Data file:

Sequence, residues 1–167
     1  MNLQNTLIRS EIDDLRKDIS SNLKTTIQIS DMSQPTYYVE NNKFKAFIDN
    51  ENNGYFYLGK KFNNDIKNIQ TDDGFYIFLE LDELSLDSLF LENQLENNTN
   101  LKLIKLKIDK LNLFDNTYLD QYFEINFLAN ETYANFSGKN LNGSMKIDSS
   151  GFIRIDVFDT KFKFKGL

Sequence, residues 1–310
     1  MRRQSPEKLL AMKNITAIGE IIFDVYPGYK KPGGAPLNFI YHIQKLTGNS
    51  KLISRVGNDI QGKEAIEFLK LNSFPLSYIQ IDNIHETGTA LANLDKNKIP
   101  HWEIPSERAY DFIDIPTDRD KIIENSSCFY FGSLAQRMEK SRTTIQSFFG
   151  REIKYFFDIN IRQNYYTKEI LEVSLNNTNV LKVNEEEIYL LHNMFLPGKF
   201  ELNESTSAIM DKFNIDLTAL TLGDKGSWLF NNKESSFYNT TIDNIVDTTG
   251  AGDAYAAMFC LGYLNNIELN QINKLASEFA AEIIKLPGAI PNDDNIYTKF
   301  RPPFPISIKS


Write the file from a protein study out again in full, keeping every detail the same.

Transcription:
Sequence, residues 1–167
     1  MNLQNTLIRS EIDDLRKDIS SNLKTTIQIS DMSQPTYYVE NNKFKAFIDN
    51  ENNGYFYLGK KFNNDIKNIQ TDDGFYIFLE LDELSLDSLF LENQLENNTN
   101  LKLIKLKIDK LNLFDNTYLD QYFEINFLAN ETYANFSGKN LNGSMKIDSS
   151  GFIRIDVFDT KFKFKGL

Sequence, residues 1–310
     1  MRRQSPEKLL AMKNITAIGE IIFDVYPGYK KPGGAPLNFI YHIQKLTGNS
    51  KLISRVGNDI QGKEAIEFLK LNSFPLSYIQ IDNIHETGTA LANLDKNKIP
   101  HWEIPSERAY DFIDIPTDRD KIIENSSCFY FGSLAQRMEK SRTTIQSFFG
   151  REIKYFFDIN IRQNYYTKEI LEVSLNNTNV LKVNEEEIYL LHNMFLPGKF
   201  ELNESTSAIM DKFNIDLTAL TLGDKGSWLF NNKESSFYNT TIDNIVDTTG
   251  AGDAYAAMFC LGYLNNIELN QINKLASEFA AEIIKLPGAI PNDDNIYTKF
   301  RPPFPISIKS